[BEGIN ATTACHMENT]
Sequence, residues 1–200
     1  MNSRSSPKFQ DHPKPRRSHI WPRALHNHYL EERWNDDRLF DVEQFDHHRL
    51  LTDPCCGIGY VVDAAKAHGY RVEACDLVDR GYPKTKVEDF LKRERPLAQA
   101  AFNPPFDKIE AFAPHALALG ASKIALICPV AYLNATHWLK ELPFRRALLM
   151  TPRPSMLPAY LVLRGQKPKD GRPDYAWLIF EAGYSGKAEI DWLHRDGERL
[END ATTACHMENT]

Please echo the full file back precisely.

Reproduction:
Sequence, residues 1–200
     1  MNSRSSPKFQ DHPKPRRSHI WPRALHNHYL EERWNDDRLF DVEQFDHHRL
    51  LTDPCCGIGY VVDAAKAHGY RVEACDLVDR GYPKTKVEDF LKRERPLAQA
   101  AFNPPFDKIE AFAPHALALG ASKIALICPV AYLNATHWLK ELPFRRALLM
   151  TPRPSMLPAY LVLRGQKPKD GRPDYAWLIF EAGYSGKAEI DWLHRDGERL